"Lost River" is a dark fairy tale about love, family and the fight for survival in the face of danger. In the virtually abandoned city of Lost River, Billy (Christina Hendricks), a single mother of two, is led into a macabre underworld in her quest to save her childhood home and hold her family together. Her teenage son Bones (Iain De Casestecker) discovers a mystery about the origins of Lost River that triggers his curiosity and sets into motion an unexpected journey that will test his limits and the limits of those he loves. Written by
Warner Bros Home Entertainment
At first, Belladonna should have been played by Karen Black. Unfortunately she died from cancer and then Barbara Steele had the role. See more »
Bones tries to sell copper tubing he scrapped from a house to a scrap metal collector for $100. Copper only goes for about $2.00 a pound so he really wouldn't have gotten much more than that. However, Bones says to the collector, "There's about a hundred dollars worth in the bag!" He's not referring to the single pipe which he pulls out and hands to the collector; he's referring to the bag's entire contents. Given the size of the bag, and the amount he stuffed in there, it's conceivable that he has roughly 50 lbs. of scrap copper to sell. See more »
[Franky walks out of his house mumbling to himself]
I'm gonna have some soup. I'm gonna go eat dinner. Come on, I just wanna eat dinner.
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There is a short scene after the credits in which the street lights switch off again. See more »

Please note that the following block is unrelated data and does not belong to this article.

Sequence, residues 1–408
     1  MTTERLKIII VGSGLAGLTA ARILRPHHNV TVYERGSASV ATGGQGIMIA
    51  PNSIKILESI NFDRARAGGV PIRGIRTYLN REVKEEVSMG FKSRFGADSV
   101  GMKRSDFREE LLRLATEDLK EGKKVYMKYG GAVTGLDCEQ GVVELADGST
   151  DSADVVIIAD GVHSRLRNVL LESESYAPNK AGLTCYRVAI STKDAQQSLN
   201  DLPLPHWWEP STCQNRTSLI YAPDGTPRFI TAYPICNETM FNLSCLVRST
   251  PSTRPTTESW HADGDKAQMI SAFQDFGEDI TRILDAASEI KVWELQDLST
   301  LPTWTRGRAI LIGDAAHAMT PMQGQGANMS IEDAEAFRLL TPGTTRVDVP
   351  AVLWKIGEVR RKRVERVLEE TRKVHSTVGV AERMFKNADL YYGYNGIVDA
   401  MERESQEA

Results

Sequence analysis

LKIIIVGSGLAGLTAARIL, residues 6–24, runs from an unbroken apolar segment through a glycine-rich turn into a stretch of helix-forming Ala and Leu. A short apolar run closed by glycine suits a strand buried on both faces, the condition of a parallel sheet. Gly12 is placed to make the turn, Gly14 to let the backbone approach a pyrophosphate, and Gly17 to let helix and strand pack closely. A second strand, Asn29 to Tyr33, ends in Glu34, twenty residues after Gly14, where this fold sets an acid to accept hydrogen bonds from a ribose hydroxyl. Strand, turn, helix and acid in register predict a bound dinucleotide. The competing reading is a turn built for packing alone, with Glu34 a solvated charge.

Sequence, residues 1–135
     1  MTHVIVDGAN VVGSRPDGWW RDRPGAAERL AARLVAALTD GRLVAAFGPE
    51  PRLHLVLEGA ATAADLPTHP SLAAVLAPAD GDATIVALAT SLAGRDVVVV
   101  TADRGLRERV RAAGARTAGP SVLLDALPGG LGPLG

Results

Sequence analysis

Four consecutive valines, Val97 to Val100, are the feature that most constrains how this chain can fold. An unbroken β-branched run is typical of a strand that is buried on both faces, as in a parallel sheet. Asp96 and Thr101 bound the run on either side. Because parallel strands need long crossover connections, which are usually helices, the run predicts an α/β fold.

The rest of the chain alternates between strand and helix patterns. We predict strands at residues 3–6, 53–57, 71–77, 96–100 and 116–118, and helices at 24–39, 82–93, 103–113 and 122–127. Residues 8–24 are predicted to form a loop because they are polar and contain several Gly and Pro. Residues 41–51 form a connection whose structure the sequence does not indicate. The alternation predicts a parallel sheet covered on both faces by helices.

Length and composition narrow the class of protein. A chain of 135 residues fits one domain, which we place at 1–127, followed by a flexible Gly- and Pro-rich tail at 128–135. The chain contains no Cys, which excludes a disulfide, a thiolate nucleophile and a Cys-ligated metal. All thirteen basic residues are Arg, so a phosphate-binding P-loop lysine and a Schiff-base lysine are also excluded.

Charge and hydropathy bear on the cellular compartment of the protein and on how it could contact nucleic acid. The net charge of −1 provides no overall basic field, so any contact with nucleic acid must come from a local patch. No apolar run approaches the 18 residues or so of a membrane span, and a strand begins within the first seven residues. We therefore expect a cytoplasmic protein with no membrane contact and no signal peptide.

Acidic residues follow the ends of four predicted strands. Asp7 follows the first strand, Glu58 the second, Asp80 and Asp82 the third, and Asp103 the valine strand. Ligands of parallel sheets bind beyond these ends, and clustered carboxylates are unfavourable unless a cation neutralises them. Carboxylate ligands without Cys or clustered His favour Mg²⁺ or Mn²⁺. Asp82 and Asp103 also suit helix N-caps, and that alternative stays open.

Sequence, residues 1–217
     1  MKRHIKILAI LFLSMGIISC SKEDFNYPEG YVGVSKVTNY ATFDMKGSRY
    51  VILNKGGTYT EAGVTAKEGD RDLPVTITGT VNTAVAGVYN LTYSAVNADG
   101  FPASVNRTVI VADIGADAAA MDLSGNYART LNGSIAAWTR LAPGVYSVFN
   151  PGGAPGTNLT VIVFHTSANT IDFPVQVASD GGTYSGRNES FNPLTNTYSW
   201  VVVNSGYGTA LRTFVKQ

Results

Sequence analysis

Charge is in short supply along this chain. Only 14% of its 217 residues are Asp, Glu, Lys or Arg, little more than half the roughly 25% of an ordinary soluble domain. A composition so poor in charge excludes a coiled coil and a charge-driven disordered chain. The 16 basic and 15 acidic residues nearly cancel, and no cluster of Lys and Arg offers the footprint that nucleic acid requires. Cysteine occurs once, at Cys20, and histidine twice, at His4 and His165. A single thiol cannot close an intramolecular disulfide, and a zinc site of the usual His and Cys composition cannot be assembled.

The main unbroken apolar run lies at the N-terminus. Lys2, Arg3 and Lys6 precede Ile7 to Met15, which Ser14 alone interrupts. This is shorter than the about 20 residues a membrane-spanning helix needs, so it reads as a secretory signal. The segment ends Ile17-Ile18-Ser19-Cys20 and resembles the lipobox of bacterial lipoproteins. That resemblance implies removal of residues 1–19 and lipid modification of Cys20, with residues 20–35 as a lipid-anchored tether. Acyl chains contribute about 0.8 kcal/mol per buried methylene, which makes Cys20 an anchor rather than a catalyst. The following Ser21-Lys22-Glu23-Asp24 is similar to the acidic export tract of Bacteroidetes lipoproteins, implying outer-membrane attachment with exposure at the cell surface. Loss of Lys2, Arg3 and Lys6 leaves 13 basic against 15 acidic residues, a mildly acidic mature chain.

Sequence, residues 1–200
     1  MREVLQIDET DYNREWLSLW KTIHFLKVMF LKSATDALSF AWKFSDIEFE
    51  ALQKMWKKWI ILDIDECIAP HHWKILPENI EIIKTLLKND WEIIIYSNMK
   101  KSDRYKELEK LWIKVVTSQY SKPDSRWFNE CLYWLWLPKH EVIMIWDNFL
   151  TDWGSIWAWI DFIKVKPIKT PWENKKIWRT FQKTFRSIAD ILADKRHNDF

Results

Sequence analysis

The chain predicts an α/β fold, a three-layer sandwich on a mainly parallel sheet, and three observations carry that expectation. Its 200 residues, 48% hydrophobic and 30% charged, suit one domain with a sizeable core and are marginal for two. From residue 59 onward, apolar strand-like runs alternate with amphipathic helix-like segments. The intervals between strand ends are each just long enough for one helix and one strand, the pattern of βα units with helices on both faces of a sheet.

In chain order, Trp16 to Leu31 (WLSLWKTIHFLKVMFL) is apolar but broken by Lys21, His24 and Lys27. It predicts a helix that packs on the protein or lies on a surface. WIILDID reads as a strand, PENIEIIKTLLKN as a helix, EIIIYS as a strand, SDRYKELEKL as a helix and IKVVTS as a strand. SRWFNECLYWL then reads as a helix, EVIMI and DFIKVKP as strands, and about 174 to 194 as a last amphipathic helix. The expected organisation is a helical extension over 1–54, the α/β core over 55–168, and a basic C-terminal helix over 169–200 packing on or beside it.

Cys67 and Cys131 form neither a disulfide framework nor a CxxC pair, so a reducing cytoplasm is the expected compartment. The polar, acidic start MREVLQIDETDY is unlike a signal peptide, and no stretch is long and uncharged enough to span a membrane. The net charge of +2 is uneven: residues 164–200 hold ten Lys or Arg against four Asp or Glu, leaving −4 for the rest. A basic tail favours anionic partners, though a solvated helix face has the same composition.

Few indie films of late have more effectively captured the inescapable, haunting truth of urban decay in a narrative capacity the way 'Lost River' does. We may hear about it in the news, or occasionally see glimpses of it via online write-ups but are we really getting the whole story? Still, Lost River's eerie tale of a young man and his mother's desperate attempt to hold onto their rapidly decaying home gets under your skin. It's not the kind of story everyone will enjoy, some frankly won't have the stomach for it. Despite it sporting a supremely well written and directed script by Ryan Gosling - with visuals and cinematography that are breathtaking, hypnotic and cryptically gorgeous. The fact that corporate greed is literally wiping out entire towns across the United States is a reality some are just not going to be interested in, but that might be this film's central conceit.
The American Dream is slowly but surely turning into a sad, and devolved nightmare - governed by 'dark subcultures' which seem to be gaining momentum while murder, mass genocide, chaos and destruction continue to reign supreme. This is what's at the twisted heart of 'Lost River.' It also beautifully pays homage to Argento, Bava, Lynch, Tarkovsky and more. Some might feel inclined to make accusations that name actors like Barbara Steele are grossly underused. That may or may not be true, but I'd wager those folks are missing the point. If you're looking for a supremely bizarre, heady, visually striking foray into what some folks will do to hold onto their own little status-quos then this film is not to be missed.
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